Resistance training is a large umbrella term and doesn’t necessarily mean sitting in a gym with a load of dumbells as is the common misconception. Indeed plyometrics, body-weight or resistance bands are all suitable methods of resistance training. After all, resistance doesn’t necessarily mean a lump of metal. To avoid opening a whole can of worms and due to the fact that the large proportion of readers of this will not be resistance trained, I feel the best way for me to give you some training advice is to utilise either body weight or simple equipment that many of you will have easy access to. Ultimately an effective training programme should be individualised and developed alongside a physiotherapist however I feel there are a number of exercises which would be an effective supplement to most individuals training in particular to develop core strength and all-round stability.

I would recommend the following programme to be completed twice a week. The sets and reps outlined are just a guide and you can adjust them accordingly to make the workout harder or easier. However never increase the load by more than 10% between sessions (remember my earlier comment about progression). It’s really important that you maintain the technique that is illustrated in the videos. Remember quality not quantity is the key. Poor form only leads to injuries.

Below you’ll find a set of videos that show you the technique for each of these exercises.

Circuit #1 (30 – 60 seconds rest between circuits; 15 – 30 seconds between exercises if needed – longer or less is fine; complete 3 circuits):

  1. Bird dog – 12 repetitions per side
  2. Runners touch – 10 repetitions per side
  3. Lateral step up’s – 15 repetitions per side
  4. Reverse plank – hold for 45 seconds keeping your bottom off the floor as the video shows. There should be no contact with the floor between your heels and your shoulders

Circuit # 2 (complete 3 circuits)

  1. Back squat – if you are new to squatting then use no resistance or a low resistance (10 – 15kg). It’s hard for me to put a number on the weight for this but you should try and aim for 8 – 10 repetitions. Follow the technique in the video closely for this one and make sure your thigh becomes parallel with the ground at the bottom of the squat. If you suffer from knee problems then a half squat could still be used with very low or no resistance.
  2. Low to high wood chops – 10 repetitions per side. Find a resistance to achieve this amount of repetitions. Probably around 5 – 15kg.
  3. Glute bridges – 10 repetitions. Go single leg if you need a challenge
  4. Cherry pickers – 10 repetitions per direction. Use a 2 or 3kg medicine ball. If you haven’t got access to a gym then be creative.

Hopefully the videos attached provide you with enough information to go away and have a go at this workout. This workout is only the tip of the ice berg and there are lots of other types of work you can be doing however as a start I think this is a good place to begin. Moving onto more advanced lifts such as the clean and jerk and snatch using relatively low weight would be great for developing power but should only be attempted under the guidance of an accredited strength and conditioning coach if you have no prior experience. Apart from the low to high wood chops, all of these exercises could be completed at home if you use a little imagination with regards to finding a weight.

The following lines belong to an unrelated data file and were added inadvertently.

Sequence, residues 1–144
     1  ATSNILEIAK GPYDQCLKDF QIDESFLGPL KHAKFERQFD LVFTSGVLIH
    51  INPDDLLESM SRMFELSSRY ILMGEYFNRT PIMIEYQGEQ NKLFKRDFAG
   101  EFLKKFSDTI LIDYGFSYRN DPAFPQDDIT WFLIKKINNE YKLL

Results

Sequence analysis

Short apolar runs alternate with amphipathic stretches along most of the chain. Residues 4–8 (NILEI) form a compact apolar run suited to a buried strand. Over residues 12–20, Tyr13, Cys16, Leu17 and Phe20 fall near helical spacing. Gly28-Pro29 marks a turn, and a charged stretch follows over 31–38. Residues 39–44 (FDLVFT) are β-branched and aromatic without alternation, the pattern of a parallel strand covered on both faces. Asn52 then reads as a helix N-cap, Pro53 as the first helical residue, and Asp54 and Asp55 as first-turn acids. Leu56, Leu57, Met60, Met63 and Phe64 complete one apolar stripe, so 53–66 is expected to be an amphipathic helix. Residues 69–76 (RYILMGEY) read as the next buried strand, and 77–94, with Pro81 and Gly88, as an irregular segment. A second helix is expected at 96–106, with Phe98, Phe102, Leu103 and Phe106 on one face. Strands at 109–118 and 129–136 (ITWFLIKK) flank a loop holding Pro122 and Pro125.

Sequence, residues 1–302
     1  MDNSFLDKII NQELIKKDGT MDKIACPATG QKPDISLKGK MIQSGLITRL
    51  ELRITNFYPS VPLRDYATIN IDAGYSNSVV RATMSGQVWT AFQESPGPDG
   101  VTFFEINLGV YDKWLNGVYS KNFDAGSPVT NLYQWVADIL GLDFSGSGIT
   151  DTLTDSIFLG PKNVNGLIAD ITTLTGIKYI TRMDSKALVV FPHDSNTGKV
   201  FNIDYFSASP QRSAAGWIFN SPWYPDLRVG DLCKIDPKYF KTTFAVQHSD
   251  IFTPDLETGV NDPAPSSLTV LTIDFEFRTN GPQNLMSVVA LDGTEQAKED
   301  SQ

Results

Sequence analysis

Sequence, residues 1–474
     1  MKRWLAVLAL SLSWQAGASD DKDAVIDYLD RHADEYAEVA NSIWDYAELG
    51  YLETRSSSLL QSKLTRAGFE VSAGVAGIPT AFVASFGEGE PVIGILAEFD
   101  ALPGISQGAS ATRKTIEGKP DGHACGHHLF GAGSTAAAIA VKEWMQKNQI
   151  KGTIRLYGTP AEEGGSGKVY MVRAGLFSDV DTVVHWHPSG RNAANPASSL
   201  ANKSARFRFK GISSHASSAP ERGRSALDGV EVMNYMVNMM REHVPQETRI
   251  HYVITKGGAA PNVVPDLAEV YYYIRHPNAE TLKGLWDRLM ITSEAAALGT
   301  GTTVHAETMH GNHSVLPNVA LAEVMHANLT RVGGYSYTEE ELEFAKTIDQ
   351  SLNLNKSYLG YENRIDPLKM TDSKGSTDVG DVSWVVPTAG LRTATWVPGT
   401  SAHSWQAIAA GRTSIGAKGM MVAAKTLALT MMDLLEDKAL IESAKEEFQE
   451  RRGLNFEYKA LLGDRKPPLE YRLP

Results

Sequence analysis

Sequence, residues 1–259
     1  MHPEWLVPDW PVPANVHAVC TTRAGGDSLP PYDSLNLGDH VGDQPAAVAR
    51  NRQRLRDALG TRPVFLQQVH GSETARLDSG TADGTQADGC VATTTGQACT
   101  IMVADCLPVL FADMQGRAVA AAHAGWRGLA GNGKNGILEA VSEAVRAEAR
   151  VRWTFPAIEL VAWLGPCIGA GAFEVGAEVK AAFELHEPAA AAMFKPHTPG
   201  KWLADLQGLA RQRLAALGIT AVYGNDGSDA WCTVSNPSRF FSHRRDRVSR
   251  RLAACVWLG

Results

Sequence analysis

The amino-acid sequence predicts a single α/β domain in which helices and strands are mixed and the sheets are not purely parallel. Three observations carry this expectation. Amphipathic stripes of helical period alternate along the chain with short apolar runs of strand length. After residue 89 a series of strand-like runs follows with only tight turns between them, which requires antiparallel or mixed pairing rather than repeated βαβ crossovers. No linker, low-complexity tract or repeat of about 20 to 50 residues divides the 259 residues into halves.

If you have any questions on anything related to this post or anything else to do with training then please don’t hesitate to ask. (you can follow Josh on Twitter @Josh_Tipping)

If you haven’t found this little gem already then I recommend you keeping a close eye on Kinetic Revolution for all things running (http://www.kinetic-revolution.com/).

In the meantime, happy running and enjoy your training.

References

  • Erickson, T. M. (2005). The benefits of strength training for endurance athletes.NSCA Perform. Training J4(2), 13-17
  • Jung, A. P. (2003). The impact of resistance training on distance running performance. Sports Medicine33(7), 539-552.
  • Lauersen, J. B., Bertelsen, D. M., & Andersen, L. B. (2013). The effectiveness of exercise interventions to prevent sports injuries: a systematic review and meta-analysis of randomised controlled trials. British journal of sports medicine, bjsports-2013.
  • Paavolainen, L., Häkkinen, K., Hämäläinen, I., Nummela, A., & Rusko, H. (1999). Explosive-strength training improves 5-km running time by improving running economy and muscle power. Journal of Applied Physiology86(5), 1527-1533.

A run with a view 1/52

I love running that much I’m sure is clear, but my heart truly belongs to trail running. Being out in the countryside away from cars (and people) is what makes me happy. Having sheep, rabbits, deer, buzzards, sparrow hawks and the occasional badger for company is a whole lot better than cars, houses and tarmac.

The UK has some beautiful countryside and where I live I’m blessed with being able to run out of my door straight onto bridleways in an area of outstanding beauty. However what this does mean is that on days like today with crisp frozen ground and a big golden sun rising in the sky that it’s easy to get distracted from running. Inevitably I end up stopping fairly often to take photos of the view and why not when it looks like this?